Affirmations for Building Self-Worth

Affirmations for Building Self-Worth

From a psychological perspective, there are main three reasons why self-affirmation is so powerful: first, it’s simply beneficial to consider and reinforce the things we value; second, when we are experiencing criticism of negative thoughts, the technique helps us refocus on the positive on our life; third, by having a more clear and objective view on our self-worth we can more easily regulate our emotions.

A recent brain-imaging study published in “Social Cognitive and Affective Neuroscience” has revealed what’s really happening in the brain when people practice self-affirmation. Apparently the discoveries are finally confirming the techniques efficiency. Psychologists such Christopher Cascio and his colleagues with University of Pennsylvania have studied the success of affirmation with the help of brain imaging and this is what they discovered.

The researchers sought for neural evidence to back up the these three hypotheses and found out that participants in the self-affirmation condition exhibited greater activation in parts of the brain that are known to be involved in expecting and receiving reward (the ventral striatum and the ventral medial prefrontal cortex) than did those in the control group. Also, when thinking about what they most valued in a future context (e.g., “Think about a time in the future when you will have fun with family and friends”), but not in a past context, the self-affirmation group showed more activity in areas associated with thinking about the self (the medial prefrontal cortex and posterior cingulate cortex).

Self-affirmation was associated with more self-focused brain activity only when contemplating future scenarios. This speaks to the most exciting aspect of this research: namely, whether taking a brain-based approach to self-affirmation can provide any insight into how to enhance the way the technique is performed.

Cascio and his team emitted a theory that basically said that thinking about the future is associated with brain activity in the same neural regions that they later discovered to be involved in self-affirmation. Consequently, performing future-based self-affirmation can become highly effective. They predicted that, from a neural perspective, focusing on the future would reinforce the neural activation patterns that are associated with the self-affirmation technique.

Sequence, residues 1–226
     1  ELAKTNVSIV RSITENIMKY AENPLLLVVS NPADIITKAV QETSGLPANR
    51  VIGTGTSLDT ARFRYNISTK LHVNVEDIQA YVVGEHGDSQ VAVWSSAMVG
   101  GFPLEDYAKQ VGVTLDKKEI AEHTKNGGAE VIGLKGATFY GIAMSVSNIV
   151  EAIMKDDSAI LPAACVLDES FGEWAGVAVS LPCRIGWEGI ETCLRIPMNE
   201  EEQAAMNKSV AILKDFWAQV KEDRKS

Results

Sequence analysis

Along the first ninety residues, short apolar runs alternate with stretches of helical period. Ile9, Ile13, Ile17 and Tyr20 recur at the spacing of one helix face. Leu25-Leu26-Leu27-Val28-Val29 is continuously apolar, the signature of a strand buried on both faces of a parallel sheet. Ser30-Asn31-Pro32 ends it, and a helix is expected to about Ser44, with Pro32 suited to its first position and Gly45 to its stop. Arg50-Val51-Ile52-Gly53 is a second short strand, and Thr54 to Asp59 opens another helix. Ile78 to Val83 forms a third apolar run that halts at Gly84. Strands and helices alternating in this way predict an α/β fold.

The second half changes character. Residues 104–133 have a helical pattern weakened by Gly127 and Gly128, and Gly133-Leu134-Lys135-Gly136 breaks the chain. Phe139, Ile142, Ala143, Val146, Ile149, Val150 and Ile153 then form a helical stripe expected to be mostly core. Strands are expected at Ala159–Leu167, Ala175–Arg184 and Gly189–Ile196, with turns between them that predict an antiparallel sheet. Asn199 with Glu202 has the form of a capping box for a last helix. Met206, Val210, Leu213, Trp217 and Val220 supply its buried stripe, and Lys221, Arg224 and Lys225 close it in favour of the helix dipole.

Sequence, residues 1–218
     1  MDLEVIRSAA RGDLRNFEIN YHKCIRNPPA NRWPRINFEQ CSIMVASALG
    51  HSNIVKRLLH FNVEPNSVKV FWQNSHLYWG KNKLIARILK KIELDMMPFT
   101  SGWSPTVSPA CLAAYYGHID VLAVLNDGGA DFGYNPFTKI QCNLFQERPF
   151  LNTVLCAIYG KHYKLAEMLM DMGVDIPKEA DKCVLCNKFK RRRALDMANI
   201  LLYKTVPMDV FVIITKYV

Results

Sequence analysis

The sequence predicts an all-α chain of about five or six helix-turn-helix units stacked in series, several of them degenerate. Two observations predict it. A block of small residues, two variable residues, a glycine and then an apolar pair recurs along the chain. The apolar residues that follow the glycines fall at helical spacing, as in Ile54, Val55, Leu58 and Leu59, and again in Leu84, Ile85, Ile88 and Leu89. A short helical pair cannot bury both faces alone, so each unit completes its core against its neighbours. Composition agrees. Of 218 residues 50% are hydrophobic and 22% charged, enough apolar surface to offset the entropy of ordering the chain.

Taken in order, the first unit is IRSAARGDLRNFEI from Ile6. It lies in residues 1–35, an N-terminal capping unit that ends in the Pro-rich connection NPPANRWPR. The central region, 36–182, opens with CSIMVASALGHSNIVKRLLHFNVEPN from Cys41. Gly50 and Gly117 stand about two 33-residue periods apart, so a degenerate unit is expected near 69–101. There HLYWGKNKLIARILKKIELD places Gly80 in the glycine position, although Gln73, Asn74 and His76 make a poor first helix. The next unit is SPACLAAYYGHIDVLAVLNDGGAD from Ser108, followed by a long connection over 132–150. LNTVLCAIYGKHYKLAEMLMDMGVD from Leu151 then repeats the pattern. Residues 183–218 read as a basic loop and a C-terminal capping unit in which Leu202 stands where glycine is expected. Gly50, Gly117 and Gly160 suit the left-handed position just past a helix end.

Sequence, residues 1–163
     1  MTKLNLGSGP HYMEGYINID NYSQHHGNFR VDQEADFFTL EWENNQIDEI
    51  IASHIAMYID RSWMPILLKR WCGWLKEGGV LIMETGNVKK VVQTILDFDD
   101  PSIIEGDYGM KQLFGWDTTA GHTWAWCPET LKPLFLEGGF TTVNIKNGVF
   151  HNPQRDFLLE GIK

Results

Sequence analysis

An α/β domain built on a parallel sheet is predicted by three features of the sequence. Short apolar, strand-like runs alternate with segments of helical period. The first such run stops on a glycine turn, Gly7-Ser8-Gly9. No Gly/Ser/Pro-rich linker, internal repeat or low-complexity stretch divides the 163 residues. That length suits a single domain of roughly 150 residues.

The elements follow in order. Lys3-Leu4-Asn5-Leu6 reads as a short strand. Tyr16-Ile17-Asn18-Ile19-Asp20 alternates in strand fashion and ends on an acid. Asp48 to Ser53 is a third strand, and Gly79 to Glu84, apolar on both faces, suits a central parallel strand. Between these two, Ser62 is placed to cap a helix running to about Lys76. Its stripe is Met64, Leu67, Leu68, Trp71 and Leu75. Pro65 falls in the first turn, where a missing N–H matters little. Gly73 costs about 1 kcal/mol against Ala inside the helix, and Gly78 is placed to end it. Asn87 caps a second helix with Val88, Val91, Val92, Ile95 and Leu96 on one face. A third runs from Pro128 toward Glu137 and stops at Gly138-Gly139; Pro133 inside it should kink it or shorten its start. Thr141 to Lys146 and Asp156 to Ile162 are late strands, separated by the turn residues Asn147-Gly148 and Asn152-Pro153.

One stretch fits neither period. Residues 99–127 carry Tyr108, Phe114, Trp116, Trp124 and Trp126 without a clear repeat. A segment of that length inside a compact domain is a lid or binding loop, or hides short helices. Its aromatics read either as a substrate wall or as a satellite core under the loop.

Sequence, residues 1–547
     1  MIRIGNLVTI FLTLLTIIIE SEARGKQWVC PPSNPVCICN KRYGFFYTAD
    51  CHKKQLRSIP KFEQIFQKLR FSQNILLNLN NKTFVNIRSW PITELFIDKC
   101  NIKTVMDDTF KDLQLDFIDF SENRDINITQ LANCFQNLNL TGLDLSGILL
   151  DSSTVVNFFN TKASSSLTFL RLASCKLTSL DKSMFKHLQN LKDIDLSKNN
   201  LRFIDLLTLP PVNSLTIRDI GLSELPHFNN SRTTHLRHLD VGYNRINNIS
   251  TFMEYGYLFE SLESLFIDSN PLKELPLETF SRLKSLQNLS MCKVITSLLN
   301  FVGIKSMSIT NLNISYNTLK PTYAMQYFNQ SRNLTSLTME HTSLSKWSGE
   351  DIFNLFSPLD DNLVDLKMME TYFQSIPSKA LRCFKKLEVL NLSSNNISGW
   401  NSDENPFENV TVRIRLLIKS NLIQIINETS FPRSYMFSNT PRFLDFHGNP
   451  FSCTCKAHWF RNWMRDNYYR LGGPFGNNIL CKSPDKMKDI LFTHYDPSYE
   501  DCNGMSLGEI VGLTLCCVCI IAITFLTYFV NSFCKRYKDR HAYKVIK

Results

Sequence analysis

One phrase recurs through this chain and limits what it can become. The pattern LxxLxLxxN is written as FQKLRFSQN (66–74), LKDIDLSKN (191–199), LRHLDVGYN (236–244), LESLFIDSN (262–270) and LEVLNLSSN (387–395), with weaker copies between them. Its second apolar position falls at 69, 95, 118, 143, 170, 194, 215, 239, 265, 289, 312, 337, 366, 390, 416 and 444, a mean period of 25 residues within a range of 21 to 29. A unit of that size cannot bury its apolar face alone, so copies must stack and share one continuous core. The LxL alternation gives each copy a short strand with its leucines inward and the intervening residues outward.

In the self-affirmation group, activity in reward-related brain areas and in self-related brain areas was greater when the participants were given future-based self-affirmation prompts. Also, comparing the self-affirmation group with the control group, the extra brain activity seen in the former group was accentuated when the participants were engaged in future-based self-affirmation.

Finally, and most important, the researchers found that the success of the self-affirmation was specifically correlated with levels of brain activity seen during future-oriented thinking. They know this because they looked to see how their participants (all of whom were sedentary and overweight) responded to health messages such as “People who sit less are at lower risk for certain diseases.”

People can sometimes respond negatively to messages like they make them feel bad about themselves. But self-affirmation can prevent this, researchers think, because it reminds people that their self-worth has a broad foundation, and so the message about weight and lifestyle comes across as less threatening. This makes it easier to be receptive to the message and respond constructively, which is precisely what happened in this study.

The researchers discovered that the participants in the self-affirmation condition responded better than control participants to the health messages, becoming more active in the following month after the study, as measured by accelerometers they wore on their wrists. What’s more, it was specifically activity levels in the reward-related and self-related areas of these participants’ brains during future-oriented (but not past-oriented) self-affirmation that correlated with their being more active in the month after the health messages, which totally agrees with the researchers brain-based hypothesis.